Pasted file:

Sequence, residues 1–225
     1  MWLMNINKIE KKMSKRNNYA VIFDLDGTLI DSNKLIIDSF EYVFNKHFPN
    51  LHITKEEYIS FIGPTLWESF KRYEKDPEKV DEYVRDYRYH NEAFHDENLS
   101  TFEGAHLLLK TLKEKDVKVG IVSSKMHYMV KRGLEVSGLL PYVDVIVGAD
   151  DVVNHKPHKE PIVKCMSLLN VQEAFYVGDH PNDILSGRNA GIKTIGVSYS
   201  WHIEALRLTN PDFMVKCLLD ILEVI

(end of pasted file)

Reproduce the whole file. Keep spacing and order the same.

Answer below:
Sequence, residues 1–225
     1  MWLMNINKIE KKMSKRNNYA VIFDLDGTLI DSNKLIIDSF EYVFNKHFPN
    51  LHITKEEYIS FIGPTLWESF KRYEKDPEKV DEYVRDYRYH NEAFHDENLS
   101  TFEGAHLLLK TLKEKDVKVG IVSSKMHYMV KRGLEVSGLL PYVDVIVGAD
   151  DVVNHKPHKE PIVKCMSLLN VQEAFYVGDH PNDILSGRNA GIKTIGVSYS
   201  WHIEALRLTN PDFMVKCLLD ILEVI